This resistance makes O’Keefe a beguiling protagonist and narrator. To narrate a story, even unreliably, is to open yourself up to others, to put yourself on display. O’Keefe, on the other hand, is cagey and withholding, and even though the novel takes the form of a confession — a document O’Keefe has written after the mystery has been at least partially resolved — it gradually becomes clear that he’s omitting a lot of information. His pleas of naïveté ring increasingly false. By the second half of the book, we know that O’Keefe is well aware of why he might be the object of invasive government surveillance, yet he dances around this revelation, choosing instead to remain coy. He wants to tell his story but he doesn’t want to be seen, not even by the reader, which sets up a strange and strained relationship between us and the book. We realize that he is not quite the “no one” he claims to be and so must scrutinize the pieces of his life with the same diligence as his persecutors. The novel shows us how we participate in the systems of surveillance that surround us. We are watching O’Keefe while he is being watched. What exactly is he confessing? Why doesn’t he want anyone to know?

Flanery relays all of the necessary information with tick-tock, masterful precision and yet the longer the mystery is drawn out the more frustrated I became. The action of the book, and its secret, becomes centered in the past, so we read only to discover what O’Keefe already knows. Flanery does such an excellent job of putting O’Keefe in danger and creating a tense and thrilling atmosphere that I wanted to spend less time investigating what had already happened and more time seeing what was going to happen next.

The answers to the mysteries of the past are chillingly logical and somewhat banal. Their ultimate revelation robs the book of some of its initial appealing strangeness. O’Keefe becomes more of a George Smiley than a Joseph K. I won’t reveal what O’Keefe did to land himself on the government’s radar, but he did it with mostly good intentions, selfless in some ways and self-serving in others, and in order to amend for past wrongs. In a keen bit of social commentary, Flanery shows that the more we see of each other the less we actually know. The surveilled subject may be visible in many different ways, but remains completely invisible in many others. This is something we know well: the government might be able to track O’Keefe’s online activities, his phone calls and social interactions, but all of this data obscures what makes him human. They can see everything about him, except for the person he actually is.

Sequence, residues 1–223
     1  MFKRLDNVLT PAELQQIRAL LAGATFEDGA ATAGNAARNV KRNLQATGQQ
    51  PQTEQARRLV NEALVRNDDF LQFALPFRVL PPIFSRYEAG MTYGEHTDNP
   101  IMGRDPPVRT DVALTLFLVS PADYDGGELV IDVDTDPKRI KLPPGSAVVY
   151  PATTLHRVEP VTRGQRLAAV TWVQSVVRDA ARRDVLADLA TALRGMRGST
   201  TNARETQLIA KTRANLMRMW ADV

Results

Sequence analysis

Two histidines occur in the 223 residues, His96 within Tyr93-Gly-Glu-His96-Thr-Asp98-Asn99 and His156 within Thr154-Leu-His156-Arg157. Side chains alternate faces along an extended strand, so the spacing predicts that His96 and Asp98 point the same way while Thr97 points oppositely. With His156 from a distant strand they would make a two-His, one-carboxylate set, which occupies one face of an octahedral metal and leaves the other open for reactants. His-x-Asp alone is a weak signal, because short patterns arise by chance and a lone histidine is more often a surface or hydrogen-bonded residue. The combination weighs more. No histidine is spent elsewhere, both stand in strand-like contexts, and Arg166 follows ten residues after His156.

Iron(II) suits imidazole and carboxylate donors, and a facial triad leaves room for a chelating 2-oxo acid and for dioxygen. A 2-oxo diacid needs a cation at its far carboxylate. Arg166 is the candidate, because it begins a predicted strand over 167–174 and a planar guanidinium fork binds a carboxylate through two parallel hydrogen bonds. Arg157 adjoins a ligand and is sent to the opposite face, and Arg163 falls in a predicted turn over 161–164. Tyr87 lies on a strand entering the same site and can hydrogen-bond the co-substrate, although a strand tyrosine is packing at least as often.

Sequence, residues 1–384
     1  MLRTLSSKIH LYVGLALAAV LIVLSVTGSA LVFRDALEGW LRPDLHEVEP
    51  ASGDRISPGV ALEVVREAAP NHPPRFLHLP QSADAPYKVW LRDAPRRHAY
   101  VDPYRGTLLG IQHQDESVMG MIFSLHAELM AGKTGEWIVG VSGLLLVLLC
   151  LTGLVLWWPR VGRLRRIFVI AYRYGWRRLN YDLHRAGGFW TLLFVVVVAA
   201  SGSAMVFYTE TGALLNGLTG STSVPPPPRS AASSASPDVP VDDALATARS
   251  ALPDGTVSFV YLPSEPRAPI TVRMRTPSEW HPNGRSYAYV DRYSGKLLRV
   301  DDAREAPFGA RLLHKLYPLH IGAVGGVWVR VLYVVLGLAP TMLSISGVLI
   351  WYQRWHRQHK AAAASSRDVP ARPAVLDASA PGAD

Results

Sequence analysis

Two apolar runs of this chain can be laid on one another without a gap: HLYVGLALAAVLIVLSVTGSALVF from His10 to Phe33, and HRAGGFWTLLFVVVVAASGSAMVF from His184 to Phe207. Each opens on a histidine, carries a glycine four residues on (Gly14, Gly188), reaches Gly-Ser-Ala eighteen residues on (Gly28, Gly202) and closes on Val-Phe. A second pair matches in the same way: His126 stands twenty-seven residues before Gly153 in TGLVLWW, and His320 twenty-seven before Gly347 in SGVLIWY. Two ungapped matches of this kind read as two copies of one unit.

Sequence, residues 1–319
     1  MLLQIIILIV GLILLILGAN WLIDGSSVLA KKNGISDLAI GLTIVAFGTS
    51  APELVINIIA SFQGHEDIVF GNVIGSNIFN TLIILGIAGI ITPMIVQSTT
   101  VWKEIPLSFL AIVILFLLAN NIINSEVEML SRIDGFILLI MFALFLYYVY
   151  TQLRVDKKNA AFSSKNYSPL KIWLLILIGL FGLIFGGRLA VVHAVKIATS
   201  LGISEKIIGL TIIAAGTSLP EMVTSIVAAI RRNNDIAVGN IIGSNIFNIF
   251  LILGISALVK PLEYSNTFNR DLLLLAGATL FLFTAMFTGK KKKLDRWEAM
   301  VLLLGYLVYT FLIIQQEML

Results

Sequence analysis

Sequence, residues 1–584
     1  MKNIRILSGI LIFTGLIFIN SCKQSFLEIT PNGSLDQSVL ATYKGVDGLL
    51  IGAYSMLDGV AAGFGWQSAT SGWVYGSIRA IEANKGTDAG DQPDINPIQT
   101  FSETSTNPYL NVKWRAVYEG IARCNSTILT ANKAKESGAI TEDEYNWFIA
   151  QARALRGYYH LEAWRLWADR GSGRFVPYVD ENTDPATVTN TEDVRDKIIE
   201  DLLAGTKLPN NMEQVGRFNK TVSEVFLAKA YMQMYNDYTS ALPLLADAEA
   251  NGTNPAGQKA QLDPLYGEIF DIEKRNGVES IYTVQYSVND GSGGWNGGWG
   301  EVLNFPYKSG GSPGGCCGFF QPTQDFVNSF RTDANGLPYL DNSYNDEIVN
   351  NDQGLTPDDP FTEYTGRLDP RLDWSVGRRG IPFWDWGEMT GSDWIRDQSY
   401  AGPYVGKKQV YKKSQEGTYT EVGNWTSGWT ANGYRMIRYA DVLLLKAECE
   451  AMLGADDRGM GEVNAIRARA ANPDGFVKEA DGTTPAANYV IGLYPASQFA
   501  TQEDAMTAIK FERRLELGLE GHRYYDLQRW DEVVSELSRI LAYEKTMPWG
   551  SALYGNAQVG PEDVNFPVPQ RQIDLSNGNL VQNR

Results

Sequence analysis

If the plot of the novel sometimes frustrates, Flanery compensates by creating a character who wins us over with his erudition and charm. O’Keefe’s specialty is East German history. He wrote a book about citizens who turned informants for the Stasi, the secret police who spied on nearly everyone and wove paranoia into the fabric of East German society, and he tells us somewhat unconvincingly late in the novel that he’s one of the world’s foremost experts on surveillance. His background and education give him plenty of opportunities to talk in great and eloquent detail about both the history of surveillance and its prevalence. He’s willing to spend pages expounding on Antonioni’s Blow-Up and Coppola’s The Conversation or talking about corporate surveillance and the devil’s bargain in which we trade

free access to all knowledge of the world for the recording of such by corporations of the habits of our activity and making ourselves susceptible not only to the collecting of this data and its potential monetization, that is to say its sale to other entities collecting their own kinds of data about us, but also to be bombarded with advertising that, however much we may struggle against it, inserts deep messages into our thoughts influencing us one way or another.

Surveillance, as both an object of study as well as a daily reality, has shaped O’Keefe’s life, so it isn’t surprising when he declares: “A large part of growing up in society, which is to say growing up in any kind of community, involves acculturating oneself from infancy to the experience of being observed. One might go so far as to say that the human condition is one of observation.”

These digressions enlarge the scope of the book and underline the fact that we’re all complicit in surveillance culture. There’s no aspect of our lives in which we’re not observing or being observed. The inclusion of these digressions makes large swaths of the book more meditative than thrilling. So, while I Am No One shares some of its DNA with the work of John Le Carré and Graham Greene, Flanery doesn’t fully commit to its thriller hooks. Flanery demands agility from his readers, but there’s a real pleasure in keeping up with his fast and omnivorous intellect. The book allows for a rare kind of readerly observation: we’re watching the writer while knowing that we, ourselves, are being watched.

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Bryan Hurt is the author of Everyone Wants to Be Ambassador to France and editor of Watchlist: 32 Stories by Persons of Interest.